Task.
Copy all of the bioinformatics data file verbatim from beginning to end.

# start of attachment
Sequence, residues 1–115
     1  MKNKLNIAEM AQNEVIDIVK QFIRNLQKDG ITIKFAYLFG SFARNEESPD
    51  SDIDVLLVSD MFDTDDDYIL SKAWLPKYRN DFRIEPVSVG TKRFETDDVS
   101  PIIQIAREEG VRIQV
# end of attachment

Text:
Sequence, residues 1–115
     1  MKNKLNIAEM AQNEVIDIVK QFIRNLQKDG ITIKFAYLFG SFARNEESPD
    51  SDIDVLLVSD MFDTDDDYIL SKAWLPKYRN DFRIEPVSVG TKRFETDDVS
   101  PIIQIAREEG VRIQV